Published by Worldview Publications
July 2006 



One of the most explicit biblical views on the “at-one-ment” of God with mankind is the concept of “ransom”:

. . . even as the Son of man came not to be ministered unto, but to minister, and to give his life a ransom [Gr. lutron = price] for many. — Matthew 20:28; see also Mark 10:45.

For ye are bought with a price [Gr. time = honor, preciousness, price]: therefore glorify God in your body, and in your spirit, which are God’s. — 1 Corinthians 6:20; see also 1 Corinthians 7:23.

For there is one God, and one mediator between God and men, the man Christ Jesus; who gave himself a ransom [Gr. antilutron = corresponding price] for all, to be testified in due time. — 1 Timothy 2:5, 6.

“Looked at in this light, the Atonement appears as the deliverance from captivity by the payment of a ransom. This view is already developed . . . [by St. Irenaeus (ca 115-200) in Aversus Haerses V, I and later by St. Augustine (354-430) in Enarratio in Psalm xcv.n.5].”1 Unfortunately, the figure of atonement by ransom was carried too far. “When a captive is ransomed the price is naturally paid to the conqueror by whom he is held in bondage. Hence, if this figure were taken literally . . . , it would seem that the price of man’s ransom must be paid to Satan. The notion is certainly startling, if not revolting. . . . [Nevertheless,] this curious notion, apparently first mooted by St. Irenaeus, . . . played a conspicuous part in the history of theology . . . for about a thousand years. In the hands of some of the later Fathers and medieval writers, it takes various forms, and some of its more repulsive features are softened or modified. But the strange notion of some right or claim on the part of Satan is still present. . . . [I]t was not till St. Anselm [1033-1109] and Abelard [1079-1142] had met it with unanswerable arguments that its power was finally broken.”2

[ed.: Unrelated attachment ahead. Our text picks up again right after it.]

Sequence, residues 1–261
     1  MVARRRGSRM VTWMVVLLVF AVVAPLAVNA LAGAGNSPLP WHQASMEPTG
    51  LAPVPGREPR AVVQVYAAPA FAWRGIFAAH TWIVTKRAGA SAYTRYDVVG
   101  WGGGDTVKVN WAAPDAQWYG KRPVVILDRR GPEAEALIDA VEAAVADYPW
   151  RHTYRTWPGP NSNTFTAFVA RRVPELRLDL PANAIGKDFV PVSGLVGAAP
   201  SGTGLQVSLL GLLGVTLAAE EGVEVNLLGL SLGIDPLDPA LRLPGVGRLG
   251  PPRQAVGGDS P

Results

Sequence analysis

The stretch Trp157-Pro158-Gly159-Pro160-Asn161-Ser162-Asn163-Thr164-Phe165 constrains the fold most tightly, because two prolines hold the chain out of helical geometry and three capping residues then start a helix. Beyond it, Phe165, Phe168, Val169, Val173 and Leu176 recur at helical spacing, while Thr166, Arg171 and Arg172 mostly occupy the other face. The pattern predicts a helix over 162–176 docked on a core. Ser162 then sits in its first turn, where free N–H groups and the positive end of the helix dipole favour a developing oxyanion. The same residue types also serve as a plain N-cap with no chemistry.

Thus, while the Bible explicitly uses the term “ransom” to define the atonement, and likewise asserts that Jesus Christ paid the “price” for our redemption, these metaphoric words must not be construed to mean that God acquiesced to some right or claim on the part of Satan. The intended meaning(s) of these words must yet be explored. Meanwhile, let us rejoice that —

Jesus paid it all,
All to Him I owe;
Sin had left a crimson stain;
He washed it white as snow.3


  1. W. H. Kent, Catholic Encyclopedia, s.v. “Doctrine of the Atonement,” at (go back)
  2. Ibid. (go back)
  3. Elvina M. Hall, “Jesus Paid It All” (1865), at (go back)

Copyright © 2006 Worldview Publications